HUNTSVILLE, Ala. (Nov. 20, 2013) - Members of the Space Hardware Club (SHC) at The University of Alabama in Huntsville (UAH) were still attempting Wednesday to contact ChargerSat-1, the university's first student-built cubesat to be rocketed into space.
"We did get some indications that a number of the other satellites deployed and so it is very likely that ours also deployed," said SHC team lead Eric Becnel Wednesday morning from the launch site at the Mid-Atlantic Regional Spaceport at NASA's Wallops Flight Facility on Virginia's Eastern Shore. "The odds are that we will hear it. It's just a matter of locating it."
If it successfully deployed, ChargerSat-1 passed over Huntsville in the hours just before midnight Tuesday, beeping on 437.405 MHz. SHC members are asking the public to track that frequency and report contact to: Space@uah.edu.
The Minotaur 1 rocket housing ChargerSat-1 soared into space at 7:15 p.m. CST Tuesday from launch pad 0B at the Virginia spaceport.
The nighttime launch was visible along the U.S. East Coast, with viewing opportunities from South Carolina to New York and inland to the Appalachians.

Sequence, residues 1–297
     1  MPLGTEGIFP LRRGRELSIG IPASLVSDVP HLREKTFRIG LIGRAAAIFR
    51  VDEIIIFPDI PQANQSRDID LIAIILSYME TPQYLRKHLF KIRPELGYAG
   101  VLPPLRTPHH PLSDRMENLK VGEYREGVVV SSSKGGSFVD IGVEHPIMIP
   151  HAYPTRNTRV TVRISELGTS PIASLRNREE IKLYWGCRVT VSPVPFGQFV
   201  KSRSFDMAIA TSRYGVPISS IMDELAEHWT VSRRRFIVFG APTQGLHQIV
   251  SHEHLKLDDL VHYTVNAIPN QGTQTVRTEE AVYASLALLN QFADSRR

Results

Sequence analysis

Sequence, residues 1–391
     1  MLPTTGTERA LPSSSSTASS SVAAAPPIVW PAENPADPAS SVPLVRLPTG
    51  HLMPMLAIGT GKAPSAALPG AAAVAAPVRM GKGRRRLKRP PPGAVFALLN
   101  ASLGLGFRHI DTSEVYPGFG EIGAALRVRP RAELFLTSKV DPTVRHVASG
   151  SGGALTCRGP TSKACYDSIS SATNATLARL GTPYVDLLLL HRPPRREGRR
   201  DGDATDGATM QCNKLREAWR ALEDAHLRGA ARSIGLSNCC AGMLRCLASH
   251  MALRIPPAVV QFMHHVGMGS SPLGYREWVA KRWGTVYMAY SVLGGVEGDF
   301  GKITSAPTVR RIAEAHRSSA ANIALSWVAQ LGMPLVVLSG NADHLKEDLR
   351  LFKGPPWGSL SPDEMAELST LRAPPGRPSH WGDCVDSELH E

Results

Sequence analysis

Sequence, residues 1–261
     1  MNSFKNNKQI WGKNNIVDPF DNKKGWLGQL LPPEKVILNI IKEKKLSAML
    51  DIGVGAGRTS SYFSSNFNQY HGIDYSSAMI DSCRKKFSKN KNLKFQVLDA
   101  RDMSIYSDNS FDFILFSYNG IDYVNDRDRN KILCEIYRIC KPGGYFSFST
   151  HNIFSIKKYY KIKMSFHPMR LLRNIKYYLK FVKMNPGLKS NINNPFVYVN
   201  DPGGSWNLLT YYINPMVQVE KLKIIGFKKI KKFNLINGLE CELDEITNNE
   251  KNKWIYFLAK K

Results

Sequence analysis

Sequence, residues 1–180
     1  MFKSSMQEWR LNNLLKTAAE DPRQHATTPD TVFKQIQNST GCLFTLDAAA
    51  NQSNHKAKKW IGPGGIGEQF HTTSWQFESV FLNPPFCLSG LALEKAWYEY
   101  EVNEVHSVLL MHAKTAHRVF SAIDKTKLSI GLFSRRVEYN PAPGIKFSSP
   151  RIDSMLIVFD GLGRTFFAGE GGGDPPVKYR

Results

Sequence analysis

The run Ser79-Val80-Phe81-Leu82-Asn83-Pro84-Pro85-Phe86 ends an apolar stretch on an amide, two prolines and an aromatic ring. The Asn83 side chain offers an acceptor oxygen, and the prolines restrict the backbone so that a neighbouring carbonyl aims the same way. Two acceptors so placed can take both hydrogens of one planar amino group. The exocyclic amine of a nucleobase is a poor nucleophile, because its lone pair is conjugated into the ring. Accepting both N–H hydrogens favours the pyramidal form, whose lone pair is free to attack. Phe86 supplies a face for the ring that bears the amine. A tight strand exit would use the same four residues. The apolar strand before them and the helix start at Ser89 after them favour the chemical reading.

Members of the SHC were gathered at Wallops to watch the launch. ChargerSat-1 is an approximately 4-by-4-by-4 inch cube. Technicians at Wallops confirmed that the main payload satellite, STPSat 3, had deployed.
The 2.2-pound ChargerSat-1 has three objectives:
- Demonstrating passive nadir axis stabilization for picosatellite attitude control;
- Improving solar power collection for picosatellite operations;
- Improving communications for picosatellite operations.
The 29-satellite mission was set to demonstrate cost-cutting technologies for the U.S. military.
Tuesday's Minotaur launch from Virginia had been dependent on Monday's launch of NASA's Mars-bound MAVEN spacecraft going on schedule from Cape Canaveral, Fla. The two missions share a tracking site in Antigua.
On Monday, workers completed final arming of the Minotaur 1 launch vehicle, powered by four solid-fueled stages derived from the Minuteman missile and commercial programs. Technicians constructed the 70-foot-tall rocket out of stockpiled government-furnished missile stages and commercial hardware. The upper stack was composed of the Minotaur 1's Orion 50XL and Orion 38 second and third stage motors, plus the rocket's payload fairing containing the mission's satellites.
The mission's 29-satellite manifest was headlined by STPSat 3, a host spacecraft for five experiments and sensors to measure the space environment. Another 28 CubeSats were housed inside "wafers" to deploy from the Minotaur upper stage once it reached its 310-mile high orbit.
The satellites were enclosed inside the Minotaur's fairing, flying in the 61-inch-diameter configuration for the launch.
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